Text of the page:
Rhode Island Mom Sues Over Ban by School District’s Anti-Racism Panel

By Alice Giordano
Alice Giordano
Alice Giordano
Alice Giordano is a former news correspondent for The Boston Globe, Associated Press, and New England bureau of The New York Times.
August 11, 2022 Updated: August 23, 2022

A Rhode Island mother has filed a lawsuit against her local school district’s taxpayer-funded Black, Indigenous, and People of Color (BIPOC) Committee for barring her from attending its meetings.

Nicole Solas, a mother of two and a senior fellow with the conservative Independent Women’s Forum, is also the subject of pending litigation brought against her by the National Education Association Rhode Island (NEARI), the state’s largest teachers union.

NEARI sued Solas after she filed some 200 public record requests about her daughter’s school curriculum involving critical race theory and gender ideology. The union is seeking a restraining order against Solas to bar her from filing any more public record requests.

The Goldwater Institute, a conservative public policy think tank, filed suit on Aug. 2 on behalf of Solas against the BIPOC Committee and the South Kingston School Committee.

The lawsuit alleges that the BIPOC Committee, which was formed by the school board, is meeting illegally behind closed doors, in violation of Rhode Island’s Open Meetings Act (OMA) laws, and asks the court to nullify any actions taken by the committee during its closed meetings.

Although the BIPOC Committee has kept its meetings closed to the public, an allocation of $5,000 in taxpayer money to fund an organization called Nonviolent Schools Rhode Island, as approved by the school’s policy-making subcommittee, reveals some of its activity.

The organization advertises anti-racism after-school training programs for educators, staff, and administrators, and runs book clubs for students on such selected titles as “How to Be an Antiracist” and “White Fragility.”

Its executive director is Robin Wildman, who also happens to be the chairwoman of the South Kingston BIPOC Committee and also the person who told Solas she couldn’t attend the group’s meetings.

Two members of South Kingston’s policymaking committee who approved the allocation of the $5,000 to Wildman also happen to sit on the town’s BIPOC Committee.

One of them, Mwangi Gitahi, wrote about the activity of the BIPOC Committee on the website of Collective, an anti-racist bookstore run by a school committee member who also is a union organizer for the teachers union that sought a restraining order over Solas’s public record requests.

“As a member of the BIPOC advisory board, I have been closely examining a number of existing school district policies, looking at them line by line through an antiracist and equity lens,” Gitahi wrote.

“We have now reviewed policies ranging from discipline and suspension to coaching and hiring. We are hard at work crafting a framework for all these policies, which we are calling the Anti-Racism and Anti-Discrimination Policy.”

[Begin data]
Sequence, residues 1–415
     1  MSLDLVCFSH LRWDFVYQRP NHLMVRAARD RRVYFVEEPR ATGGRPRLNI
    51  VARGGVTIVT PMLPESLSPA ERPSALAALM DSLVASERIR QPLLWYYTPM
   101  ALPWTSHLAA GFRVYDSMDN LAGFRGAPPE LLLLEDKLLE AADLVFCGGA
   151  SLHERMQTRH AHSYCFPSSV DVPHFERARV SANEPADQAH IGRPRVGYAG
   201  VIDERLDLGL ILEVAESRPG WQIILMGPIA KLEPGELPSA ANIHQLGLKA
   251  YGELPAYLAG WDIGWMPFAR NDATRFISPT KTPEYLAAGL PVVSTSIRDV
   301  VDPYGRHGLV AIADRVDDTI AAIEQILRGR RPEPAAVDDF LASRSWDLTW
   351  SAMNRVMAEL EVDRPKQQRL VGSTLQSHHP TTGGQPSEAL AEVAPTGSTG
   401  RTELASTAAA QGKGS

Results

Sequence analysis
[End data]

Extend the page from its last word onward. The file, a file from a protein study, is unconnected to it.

A proposal for services from Wildman’s organization, which Solas obtained through a public records request, also states that the BIPOC Committee has “written an Anti-racism/Anti-discrimination policy” for the school district.

It outlines the new proposed policy, which includes an after-school Cultural Empowerment Club for middle and high school students and an after-school Cultural Learning program for elementary school students.

Two days after Wildman denied Solas’s request to attend the BIPOC Committee meetings, the South Kingston School Committee voted unanimously to replace the school’s nondiscrimination and anti-harassment policy with what it called “a new, significantly revised Anti-Racism, Anti-Discrimination, and Anti-Harassment Policy.”

The new policy mandates that all school committee members, school administration, faculty, and staff attend training related to the new policy, and on “an annual basis.”

“Besides being what seems to be a major conflict of interest,” Solas told The Epoch Times, “what this town-appointed committee has been doing definitely seems like the public’s business to me.”

Solas filed the lawsuit after state Attorney General Peter Neronha sent her a letter in May indicating that after an investigation, his office determined that the BIPOC Committee wasn’t a public body and, therefore, wasn’t violating Rhode Island’s open meeting laws.

In appointing the BIPOC Committee, the school board dubbed it an “advisory committee,” which Solas believes allows the group to evade public meeting laws.

According to school records, the BIPOC Committee has met weekly since it was formed by the school board in July 2020.

As cited in the lawsuit, OMA defines a “public body” as “any department, agency, commission, committee, board, council, bureau, or authority, or any subdivision thereof, of state or municipal government.”

Alice Giordano is a former news correspondent for The Boston Globe, Associated Press, and New England bureau of The New York Times.